Discover if you are required to hire an attorney and why you should hire an attorney, even if you are not required to.
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Am I required to hire a U.S.-licensed attorney to represent me at the USPTO?
It depends on the location of your domicile.
- Yes, if you are a foreign-domiciled trademark applicant, registrant, or party to Trademark Trial and Appeal Board proceedings. You must be represented at the USPTO by an attorney who is licensed to practice law in the United States.
- No, if you are a trademark applicant, registrant, or party domiciled in the United States or its territories. Nevertheless, we strongly encourage you to hire a U.S.-licensed attorney who specializes in trademark law to guide you through the registration process.
For more information about this, see the spring 2019 USPTO trademark rules change.
What can an attorney do for me?
Why must my attorney be licensed to practice law in the United States?
Our regulations specify that only an attorney who is an active member in good standing of the bar of the highest court of any U.S. state or territory can represent you in a trademark application, registration, or TTAB proceeding at the USPTO. Non-U.S.-licensed attorneys and non-attorneys do not meet this criteria and cannot represent you in a trademark matter at the USPTO.
Non-U.S.-licensed attorneys and non-attorneys may give you inaccurate information and legal advice about your trademark rights and the registration process in the United States. This could:
- Jeopardize the legal validity of your application or registration
- Prolong the time it takes for your application- or registration-related submission to be examined
- Cause your application to be rejected or abandoned or your registration to be cancelled.
U.S. trademark law and USPTO regulations must be followed because they govern the trademark registration process before the USPTO, proceedings before the Trademark Trial and Appeal Board, and the conduct of attorneys who practice before the USPTO.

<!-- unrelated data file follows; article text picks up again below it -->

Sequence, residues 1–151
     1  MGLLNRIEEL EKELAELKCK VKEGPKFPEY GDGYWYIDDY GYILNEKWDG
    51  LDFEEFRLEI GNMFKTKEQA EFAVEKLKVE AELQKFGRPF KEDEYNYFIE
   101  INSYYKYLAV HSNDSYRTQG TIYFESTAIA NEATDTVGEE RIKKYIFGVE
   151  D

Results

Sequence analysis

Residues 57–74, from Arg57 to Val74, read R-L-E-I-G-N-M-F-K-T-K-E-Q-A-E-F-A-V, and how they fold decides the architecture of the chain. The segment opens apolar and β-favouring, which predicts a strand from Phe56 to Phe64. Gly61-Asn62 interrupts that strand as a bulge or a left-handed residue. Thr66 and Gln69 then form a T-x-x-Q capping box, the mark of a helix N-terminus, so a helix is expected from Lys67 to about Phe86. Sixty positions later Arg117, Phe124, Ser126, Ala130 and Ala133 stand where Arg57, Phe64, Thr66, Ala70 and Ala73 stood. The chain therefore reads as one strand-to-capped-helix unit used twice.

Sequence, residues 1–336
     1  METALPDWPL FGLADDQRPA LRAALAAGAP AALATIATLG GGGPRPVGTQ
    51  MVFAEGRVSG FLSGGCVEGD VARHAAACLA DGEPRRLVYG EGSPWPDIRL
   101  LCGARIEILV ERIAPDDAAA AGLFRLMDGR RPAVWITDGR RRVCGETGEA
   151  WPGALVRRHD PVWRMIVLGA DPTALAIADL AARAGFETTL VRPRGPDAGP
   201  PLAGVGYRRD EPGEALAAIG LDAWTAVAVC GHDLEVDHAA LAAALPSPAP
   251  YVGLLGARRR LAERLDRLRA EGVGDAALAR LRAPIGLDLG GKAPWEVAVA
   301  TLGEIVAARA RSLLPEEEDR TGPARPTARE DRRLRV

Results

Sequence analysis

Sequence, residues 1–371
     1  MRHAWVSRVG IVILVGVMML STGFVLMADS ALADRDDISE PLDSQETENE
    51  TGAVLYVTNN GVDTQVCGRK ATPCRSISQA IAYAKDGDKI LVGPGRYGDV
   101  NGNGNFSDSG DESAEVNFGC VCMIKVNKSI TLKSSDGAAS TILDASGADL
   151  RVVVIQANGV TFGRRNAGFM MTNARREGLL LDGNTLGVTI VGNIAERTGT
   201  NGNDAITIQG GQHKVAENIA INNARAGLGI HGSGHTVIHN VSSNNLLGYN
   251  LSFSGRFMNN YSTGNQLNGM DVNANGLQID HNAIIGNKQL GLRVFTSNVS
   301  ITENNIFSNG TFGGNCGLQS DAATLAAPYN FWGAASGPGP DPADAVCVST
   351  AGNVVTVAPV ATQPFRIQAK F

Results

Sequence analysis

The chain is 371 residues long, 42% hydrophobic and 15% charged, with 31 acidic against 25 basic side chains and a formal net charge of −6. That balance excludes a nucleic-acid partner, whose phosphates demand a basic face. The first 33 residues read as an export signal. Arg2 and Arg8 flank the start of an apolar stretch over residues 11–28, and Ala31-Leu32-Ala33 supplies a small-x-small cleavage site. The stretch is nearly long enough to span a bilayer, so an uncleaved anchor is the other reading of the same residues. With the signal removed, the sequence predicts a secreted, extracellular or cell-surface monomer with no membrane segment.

We take the unauthorized practice of trademark law very seriously. Your trademark submission can be rejected, or the legal validity of your trademark registration could be jeopardized, if you take advice or receive assistance from someone who is not authorized to practice law before the USPTO.
We also take very seriously the competency and conduct of attorneys who practice before the USPTO. All attorneys who practice before us are subject to our disciplinary jurisdiction and must abide by the USPTO Rules of Professional Conduct. These require that the attorney:
- Has the knowledge and skill to competently represent you
- Consults with you and keeps you informed about the status of your trademark matter
- Does not make false statements of fact or law to the USPTO.
The USPTO's Office of Enrollment and Discipline (OED) handles allegations of misconduct by attorneys.
How do I find a U.S.-licensed trademark attorney?
To find an attorney who can represent you before the USPTO in trademark matters, you can consult U.S. telephone listings or the internet, or contact the attorney referral service of a U.S. state or local bar association (see the American Bar Association's Consumers' Guide to Legal Help).
Make sure that the attorney you hire has experience prosecuting trademark applications at the USPTO and handling proceedings before the TTAB. The USPTO cannot help you select an attorney or recommend one.
Free or reduced-fee legal services are provided below
How do I know if the attorney or filing firm I hired is legitimate?
Many private companies offer legal services, such as assistance with filings or responding to an office action, or other services. Such services may be legitimate if provided under the supervision of a licensed U.S. attorney. But many of these companies are not affiliated with licensed U.S. attorneys, and cannot lawfully provide such services. Some offer services of dubious value, such as for example, offering to record trademarks in a private registry.
Check out the protect your application or registration webpage. Review the parties and filing firms listed as subject to USPTO’s Orders for Sanctions or listed as an entity responsible for Potentially Misleading Solicitations if you have a concern about a filing entity with whom you are working.